Where history meets nature

Jeffrey Open Space Trail is like a walkable outdoor museum.

The Jeffrey Open Space Trail is a special place where history and nature converge.

The 3.5-mile linear park wanders through meadows, woodsy groves and public art displays.

Along the way, historical markers trace 500 years of local history — from 1510 when Spanish explorers first sailed to the California coast, to 1864 when James Irvine purchased The Irvine Ranch, to modern times with the creation of the Irvine Master Plan and cityhood.

The trail is divided into three parts — each with historical displays depicting a new era.

The first segment, at Portola Parkway, features several mosaic-tile landmarks that illustrate the early history, from Native American villages in the 1500s to California statehood in 1850.

Tiled monuments along the Jeffrey Open Space Trail trace the history of the land back to the 1500s.

The second segment of the trail covers the history of The Irvine Ranch beginning in 1864. Engraved concrete panels and mosaic benches describe the first railroad to cross the Ranch; the rise of the citrus industry; and the introduction of flight above an Irvine bean field.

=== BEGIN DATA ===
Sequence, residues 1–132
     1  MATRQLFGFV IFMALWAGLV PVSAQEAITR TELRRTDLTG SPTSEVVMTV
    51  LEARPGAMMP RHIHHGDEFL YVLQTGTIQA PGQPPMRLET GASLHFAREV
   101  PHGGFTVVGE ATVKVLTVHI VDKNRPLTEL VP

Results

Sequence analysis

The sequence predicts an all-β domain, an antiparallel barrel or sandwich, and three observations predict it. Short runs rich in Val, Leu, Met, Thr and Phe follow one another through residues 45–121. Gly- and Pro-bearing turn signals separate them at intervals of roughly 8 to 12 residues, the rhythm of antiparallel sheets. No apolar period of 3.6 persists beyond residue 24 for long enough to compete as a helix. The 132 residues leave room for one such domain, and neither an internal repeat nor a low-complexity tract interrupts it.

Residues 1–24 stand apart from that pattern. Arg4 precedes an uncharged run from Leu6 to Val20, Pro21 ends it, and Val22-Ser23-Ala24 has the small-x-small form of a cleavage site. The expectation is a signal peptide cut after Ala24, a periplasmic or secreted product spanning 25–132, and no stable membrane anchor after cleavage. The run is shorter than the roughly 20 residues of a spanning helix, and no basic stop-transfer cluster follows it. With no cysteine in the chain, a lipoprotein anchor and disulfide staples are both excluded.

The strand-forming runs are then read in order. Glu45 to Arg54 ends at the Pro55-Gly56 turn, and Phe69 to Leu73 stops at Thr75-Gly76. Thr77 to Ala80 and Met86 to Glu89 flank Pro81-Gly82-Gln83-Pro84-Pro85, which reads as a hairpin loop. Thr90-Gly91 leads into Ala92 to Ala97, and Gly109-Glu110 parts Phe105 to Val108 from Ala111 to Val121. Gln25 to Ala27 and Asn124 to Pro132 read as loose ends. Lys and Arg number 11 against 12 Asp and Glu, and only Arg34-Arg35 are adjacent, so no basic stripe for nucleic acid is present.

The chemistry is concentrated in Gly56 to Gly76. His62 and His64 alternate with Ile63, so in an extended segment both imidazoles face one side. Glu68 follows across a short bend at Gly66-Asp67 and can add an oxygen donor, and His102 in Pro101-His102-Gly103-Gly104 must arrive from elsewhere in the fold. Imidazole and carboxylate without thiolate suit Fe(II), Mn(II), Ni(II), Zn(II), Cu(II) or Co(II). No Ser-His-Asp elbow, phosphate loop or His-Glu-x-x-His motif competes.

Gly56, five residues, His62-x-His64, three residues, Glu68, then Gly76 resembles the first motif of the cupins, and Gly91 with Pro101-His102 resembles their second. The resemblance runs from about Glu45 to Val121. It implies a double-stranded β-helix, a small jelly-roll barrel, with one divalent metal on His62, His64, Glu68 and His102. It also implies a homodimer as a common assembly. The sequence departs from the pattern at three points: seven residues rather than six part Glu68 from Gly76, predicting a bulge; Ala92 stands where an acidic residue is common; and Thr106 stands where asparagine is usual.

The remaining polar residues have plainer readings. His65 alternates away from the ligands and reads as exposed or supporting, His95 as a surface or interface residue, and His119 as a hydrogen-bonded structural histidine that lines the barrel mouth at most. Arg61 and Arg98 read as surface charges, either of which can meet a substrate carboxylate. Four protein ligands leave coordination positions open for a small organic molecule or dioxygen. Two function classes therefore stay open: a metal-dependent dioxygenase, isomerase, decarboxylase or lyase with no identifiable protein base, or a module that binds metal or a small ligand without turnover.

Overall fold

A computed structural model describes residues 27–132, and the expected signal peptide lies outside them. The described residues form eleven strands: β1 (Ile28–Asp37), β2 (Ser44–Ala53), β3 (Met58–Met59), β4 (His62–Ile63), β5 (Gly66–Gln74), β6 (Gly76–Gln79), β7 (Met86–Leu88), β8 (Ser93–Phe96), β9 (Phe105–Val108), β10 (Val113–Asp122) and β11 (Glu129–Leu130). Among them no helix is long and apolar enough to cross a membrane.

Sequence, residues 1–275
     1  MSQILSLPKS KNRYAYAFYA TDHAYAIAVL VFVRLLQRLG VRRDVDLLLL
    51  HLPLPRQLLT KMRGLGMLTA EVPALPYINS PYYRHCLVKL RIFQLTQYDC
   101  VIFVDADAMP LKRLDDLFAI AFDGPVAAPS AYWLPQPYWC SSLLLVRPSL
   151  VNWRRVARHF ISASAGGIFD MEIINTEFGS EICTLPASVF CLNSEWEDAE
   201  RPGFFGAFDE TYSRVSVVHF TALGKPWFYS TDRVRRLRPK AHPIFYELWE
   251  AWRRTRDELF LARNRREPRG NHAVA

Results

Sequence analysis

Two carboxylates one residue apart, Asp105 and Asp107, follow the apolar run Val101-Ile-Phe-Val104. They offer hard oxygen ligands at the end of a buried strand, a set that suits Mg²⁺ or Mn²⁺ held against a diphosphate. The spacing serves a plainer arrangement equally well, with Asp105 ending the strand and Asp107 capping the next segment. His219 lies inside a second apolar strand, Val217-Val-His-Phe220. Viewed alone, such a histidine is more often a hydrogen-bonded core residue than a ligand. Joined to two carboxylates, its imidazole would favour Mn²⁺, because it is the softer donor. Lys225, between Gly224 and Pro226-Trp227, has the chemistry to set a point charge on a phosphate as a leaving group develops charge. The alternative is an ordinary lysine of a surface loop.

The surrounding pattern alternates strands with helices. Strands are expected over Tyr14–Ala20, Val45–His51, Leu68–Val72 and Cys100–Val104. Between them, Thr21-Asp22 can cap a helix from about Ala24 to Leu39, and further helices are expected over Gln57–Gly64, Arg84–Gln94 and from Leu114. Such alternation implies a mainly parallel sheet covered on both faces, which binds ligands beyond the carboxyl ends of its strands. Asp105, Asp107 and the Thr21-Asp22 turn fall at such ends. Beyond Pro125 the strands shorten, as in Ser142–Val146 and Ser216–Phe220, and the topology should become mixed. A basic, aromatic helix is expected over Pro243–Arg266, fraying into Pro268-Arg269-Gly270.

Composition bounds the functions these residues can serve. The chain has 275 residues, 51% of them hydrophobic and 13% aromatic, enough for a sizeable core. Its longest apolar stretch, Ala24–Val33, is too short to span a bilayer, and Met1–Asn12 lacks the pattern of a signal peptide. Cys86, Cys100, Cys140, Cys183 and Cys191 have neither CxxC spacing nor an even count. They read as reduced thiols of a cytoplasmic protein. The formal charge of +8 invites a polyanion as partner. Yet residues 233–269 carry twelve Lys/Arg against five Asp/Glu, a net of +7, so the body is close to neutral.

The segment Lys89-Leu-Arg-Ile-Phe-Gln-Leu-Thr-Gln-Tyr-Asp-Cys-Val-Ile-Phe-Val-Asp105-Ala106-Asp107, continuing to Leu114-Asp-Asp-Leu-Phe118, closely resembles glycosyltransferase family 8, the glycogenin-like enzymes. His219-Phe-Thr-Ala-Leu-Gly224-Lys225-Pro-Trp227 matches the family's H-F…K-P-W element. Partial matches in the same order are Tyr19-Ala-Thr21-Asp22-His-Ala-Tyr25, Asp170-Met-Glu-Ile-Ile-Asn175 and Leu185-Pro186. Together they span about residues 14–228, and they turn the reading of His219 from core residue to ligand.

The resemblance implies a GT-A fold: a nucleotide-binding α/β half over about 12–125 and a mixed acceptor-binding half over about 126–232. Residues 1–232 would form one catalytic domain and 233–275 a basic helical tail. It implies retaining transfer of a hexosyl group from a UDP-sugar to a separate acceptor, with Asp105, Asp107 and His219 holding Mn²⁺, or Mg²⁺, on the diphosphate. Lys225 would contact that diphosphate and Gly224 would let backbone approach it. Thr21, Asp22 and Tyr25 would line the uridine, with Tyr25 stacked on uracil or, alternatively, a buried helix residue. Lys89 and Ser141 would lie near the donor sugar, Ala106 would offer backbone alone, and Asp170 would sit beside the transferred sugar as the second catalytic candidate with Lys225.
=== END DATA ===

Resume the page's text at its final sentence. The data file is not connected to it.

This segment also includes one of Irvine’s most unique art installations: 14 timber posts rising from the ground, evoking Stonehenge, perhaps. These were the vertical beams that supported the floor of the Irvine Valencia Growers packing house that once stood here.

The trail’s third segment depicts the master-planned City of Irvine, from the late 1900s to today.

Information displayed on stone benches describes the transformation of The Irvine Ranch.

Designed by award-winning landscape architect Richard Roy, the Jeffrey Open Space Trail is a $30 million public amenity that spans 76 acres and passes uninterrupted through three villages.

Its stacked-stone tunnels and gas-lamp-style lampposts were inspired by the 19th-century work of Frederick Law Olmsted, who designed New York’s Central Park and is considered the father of American landscape architecture.

The trail opened in 2015 after extensive community input.